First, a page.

The Scissor-tailed Flycatcher is arguably the most elegant flycatcher in North America with its long forked tail and salmon-pink sides. It has significantly expanded its breeding range in the past several decades and now nests in Tennessee. The first Scissor-tailed Flycatcher was reported in the state in 1964, the first nesting attempt was in 1978, and the first successful nest was documented in 1983 in Rutherford County. It is now a rare but regular breeder in across Tennessee. The Scissor-tailed Flycatcher's breed range extends through the south-central United States and into northeastern Mexico; it migrates to southern Mexico and Central America for the winter, with some individuals wintering in southern Florida.
Description: This is a distinctive, medium sized flycatcher with an extremely long, forked tail (9" long in the male). It is pearl gray above with darker wings and tail, and white below with salmon pink on the sides, under the tail, and under the wings (visible in flight). The female is paler with less intense pink, and a shorter tail. Juvenile birds (May-December) are similar to the adults, but have a shorter tail and are yellowish-pink where the adults are salmon pink.
Length: 10" female, 15" male
Weight: 1.5 oz
- Western Kingbirds are similar in size and shape but are yellow on the belly and do not have a forked tail.
Habitat: Breeds in open grasslands with occasional trees and shrubs. Also in towns and agricultural areas.
Diet: Insects, especially grasshoppers, crickets, and beetles.
Nesting and reproduction: Scissor-tailed Flycatchers are monogamous and defend breeding territories.
Clutch Size: Usually 5 eggs, with a range of 3 to 6.
Incubation: The female incubates the eggs for 2 weeks.
Fledging: Both adults feed the young, which fledge in about 16 days.
Nest: The female constructs the bulky open cup-nest of plant stems, lined with finer plant materials. It is usually placed in a small isolated tree or large shrub but also on human-made structures such as utility poles.
Status in Tennessee: Uncommon spring and fall migrant. They are rare summer residents that can be found breeding across Tennessee. There is a concentration of breeding birds in the Memphis area and south of Murfreesboro in Rutherford County.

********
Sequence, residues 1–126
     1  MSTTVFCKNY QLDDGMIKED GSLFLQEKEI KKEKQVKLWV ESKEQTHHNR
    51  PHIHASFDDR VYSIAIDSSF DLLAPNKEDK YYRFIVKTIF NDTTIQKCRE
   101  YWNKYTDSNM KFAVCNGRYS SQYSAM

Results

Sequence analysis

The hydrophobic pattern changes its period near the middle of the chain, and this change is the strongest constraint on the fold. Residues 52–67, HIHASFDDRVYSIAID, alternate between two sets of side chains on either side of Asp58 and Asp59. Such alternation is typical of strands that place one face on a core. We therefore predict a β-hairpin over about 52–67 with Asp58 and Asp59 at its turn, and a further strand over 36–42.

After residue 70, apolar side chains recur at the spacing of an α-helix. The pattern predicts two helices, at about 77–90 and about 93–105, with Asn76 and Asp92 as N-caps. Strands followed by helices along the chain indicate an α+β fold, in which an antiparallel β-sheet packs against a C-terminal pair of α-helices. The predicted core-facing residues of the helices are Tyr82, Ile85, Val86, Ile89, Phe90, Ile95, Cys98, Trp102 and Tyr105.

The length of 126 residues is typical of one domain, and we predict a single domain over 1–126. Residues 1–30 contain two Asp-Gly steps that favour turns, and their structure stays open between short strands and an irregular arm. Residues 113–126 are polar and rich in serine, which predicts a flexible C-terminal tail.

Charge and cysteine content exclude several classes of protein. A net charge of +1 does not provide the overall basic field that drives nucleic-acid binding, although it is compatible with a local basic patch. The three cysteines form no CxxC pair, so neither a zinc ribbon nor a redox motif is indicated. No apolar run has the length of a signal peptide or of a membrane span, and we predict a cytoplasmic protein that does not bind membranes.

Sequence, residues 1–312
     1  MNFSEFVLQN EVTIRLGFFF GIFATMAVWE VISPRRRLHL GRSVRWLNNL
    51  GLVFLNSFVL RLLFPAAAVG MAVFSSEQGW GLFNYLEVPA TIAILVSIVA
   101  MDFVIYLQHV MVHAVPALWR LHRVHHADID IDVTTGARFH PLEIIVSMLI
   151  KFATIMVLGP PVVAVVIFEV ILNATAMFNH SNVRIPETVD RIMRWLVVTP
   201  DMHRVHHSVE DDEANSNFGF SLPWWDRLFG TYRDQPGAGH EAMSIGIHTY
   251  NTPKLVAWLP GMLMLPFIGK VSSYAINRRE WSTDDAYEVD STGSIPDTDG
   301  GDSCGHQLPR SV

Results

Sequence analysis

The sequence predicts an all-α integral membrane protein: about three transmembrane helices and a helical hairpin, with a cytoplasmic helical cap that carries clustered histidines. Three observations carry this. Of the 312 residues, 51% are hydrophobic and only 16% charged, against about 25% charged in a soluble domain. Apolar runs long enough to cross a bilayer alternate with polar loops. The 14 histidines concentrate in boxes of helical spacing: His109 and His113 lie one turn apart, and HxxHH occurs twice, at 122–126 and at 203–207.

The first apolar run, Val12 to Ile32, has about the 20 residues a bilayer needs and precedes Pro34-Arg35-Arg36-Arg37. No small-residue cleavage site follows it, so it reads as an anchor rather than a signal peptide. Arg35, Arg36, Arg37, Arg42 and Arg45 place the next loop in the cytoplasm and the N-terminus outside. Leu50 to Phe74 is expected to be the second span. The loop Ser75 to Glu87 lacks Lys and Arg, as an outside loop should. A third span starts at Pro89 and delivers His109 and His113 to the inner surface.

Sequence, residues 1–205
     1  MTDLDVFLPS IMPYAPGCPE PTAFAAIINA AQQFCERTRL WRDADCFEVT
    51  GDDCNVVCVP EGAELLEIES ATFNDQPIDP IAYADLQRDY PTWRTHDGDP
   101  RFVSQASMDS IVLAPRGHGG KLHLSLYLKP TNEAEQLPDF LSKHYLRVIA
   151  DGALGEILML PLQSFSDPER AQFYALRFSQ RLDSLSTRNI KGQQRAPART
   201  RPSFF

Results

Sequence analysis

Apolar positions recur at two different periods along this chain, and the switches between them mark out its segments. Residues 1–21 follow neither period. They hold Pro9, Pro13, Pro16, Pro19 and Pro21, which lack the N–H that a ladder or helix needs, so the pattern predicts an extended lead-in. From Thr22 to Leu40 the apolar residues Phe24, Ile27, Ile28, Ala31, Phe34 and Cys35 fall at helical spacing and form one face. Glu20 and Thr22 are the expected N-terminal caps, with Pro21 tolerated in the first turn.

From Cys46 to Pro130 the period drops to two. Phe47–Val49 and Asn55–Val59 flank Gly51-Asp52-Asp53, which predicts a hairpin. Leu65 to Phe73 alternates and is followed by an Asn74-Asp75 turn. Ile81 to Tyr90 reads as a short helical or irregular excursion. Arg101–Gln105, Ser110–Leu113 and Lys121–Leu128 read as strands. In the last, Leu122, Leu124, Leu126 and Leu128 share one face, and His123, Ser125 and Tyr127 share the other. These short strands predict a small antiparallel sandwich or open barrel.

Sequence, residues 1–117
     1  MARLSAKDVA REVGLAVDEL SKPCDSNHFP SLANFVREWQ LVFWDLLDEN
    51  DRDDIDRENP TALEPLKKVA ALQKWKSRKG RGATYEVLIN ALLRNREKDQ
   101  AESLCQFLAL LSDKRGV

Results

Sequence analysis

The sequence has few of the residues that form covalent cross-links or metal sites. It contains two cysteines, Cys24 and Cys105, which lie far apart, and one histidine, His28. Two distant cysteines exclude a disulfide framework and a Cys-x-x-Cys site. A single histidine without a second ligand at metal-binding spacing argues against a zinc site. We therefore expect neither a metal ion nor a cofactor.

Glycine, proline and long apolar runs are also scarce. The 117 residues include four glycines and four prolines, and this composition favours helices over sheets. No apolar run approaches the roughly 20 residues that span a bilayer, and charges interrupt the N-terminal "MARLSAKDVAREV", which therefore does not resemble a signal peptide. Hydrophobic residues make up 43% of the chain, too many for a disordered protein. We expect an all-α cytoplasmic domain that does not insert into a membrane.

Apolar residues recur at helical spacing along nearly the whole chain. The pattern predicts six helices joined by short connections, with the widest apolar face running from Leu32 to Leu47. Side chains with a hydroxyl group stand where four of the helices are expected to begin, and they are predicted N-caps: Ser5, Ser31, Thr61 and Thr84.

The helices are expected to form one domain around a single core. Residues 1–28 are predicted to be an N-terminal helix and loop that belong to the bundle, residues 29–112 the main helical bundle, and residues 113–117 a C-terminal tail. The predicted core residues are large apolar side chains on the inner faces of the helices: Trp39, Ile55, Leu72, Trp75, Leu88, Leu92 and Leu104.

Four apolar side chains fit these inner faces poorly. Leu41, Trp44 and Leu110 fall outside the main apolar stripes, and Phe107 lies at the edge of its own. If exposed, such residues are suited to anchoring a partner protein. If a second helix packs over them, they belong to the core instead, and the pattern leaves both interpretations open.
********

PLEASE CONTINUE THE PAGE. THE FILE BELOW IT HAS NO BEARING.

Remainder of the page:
Dynamic map of Scissor-tailed Flycatcher eBird observations in Tennessee
- While Scissor-tailed Flycatchers and Western Kingbirds look quite different, they are known to hybridize and produce fertile offspring. Scissor-tailed/Western Kingbird hybrids have been recorded in Shelby Co., TN, successfully nesting with both Scissor-tailed Flycatcher and Western Kingbird mates.
- Scissor-tailed Flycatchers will often incorporate human-made items in their nests including string, cloth, paper, carpet fuzz, and cigarette filters. In a study of 29 nests in an urban area of Brazos Co., TX, artificial materials accounted for 30% of the weight of nests.
Obsolete English Names: Swallow-tailed Flycatcher
Best places to see in Tennessee: Memphis area, especially President's Island. Also at the intersection of I-24 and Hwy 840 in Rutherford Co. (Florence Rd. on NW side of intersection) is where a pair has nested for several years (2009). Also, the rural area southeast of Murfreesboro, east of I-24 has had several pairs in May and June.
For more information:
Nicholson, C. P. 1997. Atlas of Breeding Birds of Tennessee. Univ. of Tennessee Press, Knoxville.
Regosin, J. V. 1998. Scissor-tailed Flycatcher (Tyrannus forficatus), The Birds of North America, No. 342 (A. Poole and F. Gill, eds.). The Academy of Natural Sciences, Philadelphia, PA, and The American Ornithologists' Union, Washington, D.C.
Robinson J. C. 1990. An Annotated Checklist of the Birds of Tennessee. Univ. of Tennessee Press, Knoxville.
Sibley, D. A. 2000. The Sibley Guide to Birds. A. A. Knopf, New York, NY.
Consider using the online bird checklist program at eBird to help us understand bird populations and distributions in Tennessee. Click here to see how.